Soybeans set their yield potential later in the development process than corn, according to Isaac Ferrie, Crop Tech Consulting agronomist, based in Heyworth, IL. That’s particularly good news this season for farmers across much of the country. It means the tough summer weather may not deliver as harsh a yield penalty in soybeans as it has in corn.
"The message is don’t give up on your soybeans yet," Ferrie encourages. "We could still see quite a bit of yield added in beans if we can get even some small showers over the next couple of weeks."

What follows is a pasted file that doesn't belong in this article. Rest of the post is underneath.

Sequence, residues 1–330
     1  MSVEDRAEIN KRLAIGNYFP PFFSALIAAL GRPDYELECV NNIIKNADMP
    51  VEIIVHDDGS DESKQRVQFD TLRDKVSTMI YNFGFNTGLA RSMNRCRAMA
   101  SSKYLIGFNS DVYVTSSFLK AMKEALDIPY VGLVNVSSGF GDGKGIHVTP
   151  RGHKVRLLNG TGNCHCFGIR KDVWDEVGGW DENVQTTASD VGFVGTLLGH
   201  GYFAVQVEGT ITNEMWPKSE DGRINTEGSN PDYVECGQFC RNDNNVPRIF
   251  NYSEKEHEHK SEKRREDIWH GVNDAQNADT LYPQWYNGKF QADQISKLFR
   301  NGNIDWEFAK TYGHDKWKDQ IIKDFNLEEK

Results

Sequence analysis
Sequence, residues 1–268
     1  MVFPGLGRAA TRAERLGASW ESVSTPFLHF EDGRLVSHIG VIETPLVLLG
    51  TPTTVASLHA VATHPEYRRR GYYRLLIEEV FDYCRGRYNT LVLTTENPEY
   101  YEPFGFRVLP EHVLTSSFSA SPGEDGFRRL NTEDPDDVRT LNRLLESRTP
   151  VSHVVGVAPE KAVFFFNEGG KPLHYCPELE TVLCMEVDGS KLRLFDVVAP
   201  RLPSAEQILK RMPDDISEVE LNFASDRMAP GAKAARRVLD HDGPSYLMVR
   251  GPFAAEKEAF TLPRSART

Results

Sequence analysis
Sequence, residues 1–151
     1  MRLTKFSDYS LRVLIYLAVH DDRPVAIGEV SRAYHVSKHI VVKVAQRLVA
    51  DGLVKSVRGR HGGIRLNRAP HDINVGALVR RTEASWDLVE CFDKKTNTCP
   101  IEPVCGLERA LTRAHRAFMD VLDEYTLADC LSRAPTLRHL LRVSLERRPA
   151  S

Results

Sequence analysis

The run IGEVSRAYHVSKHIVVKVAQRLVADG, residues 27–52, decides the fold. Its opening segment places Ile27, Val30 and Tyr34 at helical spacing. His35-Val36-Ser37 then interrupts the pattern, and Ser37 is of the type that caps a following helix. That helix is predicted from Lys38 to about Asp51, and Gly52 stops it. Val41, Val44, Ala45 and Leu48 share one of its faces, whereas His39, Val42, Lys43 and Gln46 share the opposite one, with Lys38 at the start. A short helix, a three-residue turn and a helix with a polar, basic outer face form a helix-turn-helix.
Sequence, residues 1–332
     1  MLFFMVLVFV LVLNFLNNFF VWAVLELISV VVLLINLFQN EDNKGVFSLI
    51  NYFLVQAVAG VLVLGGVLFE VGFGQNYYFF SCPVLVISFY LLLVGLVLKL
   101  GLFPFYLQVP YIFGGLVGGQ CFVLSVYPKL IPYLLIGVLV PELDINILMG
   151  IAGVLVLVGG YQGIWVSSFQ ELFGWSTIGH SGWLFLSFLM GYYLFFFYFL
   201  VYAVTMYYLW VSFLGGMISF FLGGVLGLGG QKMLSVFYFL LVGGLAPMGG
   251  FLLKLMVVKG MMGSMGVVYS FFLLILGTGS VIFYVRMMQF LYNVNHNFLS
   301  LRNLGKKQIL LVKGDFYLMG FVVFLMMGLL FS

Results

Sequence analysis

Ferrie delivered that message to farmers attending the Soybean College near Coldwater, Mich., this week. He explained that soybean yield is made up of three components: total number of pods, number of beans per pod and the weight per bean (seed size).
Listen here as Ferrie talks about the transitions soybeans undergo during the reproductive stages between R4 and R6, which include most of the 2012 U.S. soybean crop.
Thank you to the 2012 Soybean College sponsors:
BASF, Great Plains, MANA, Novazymes, SFP, USB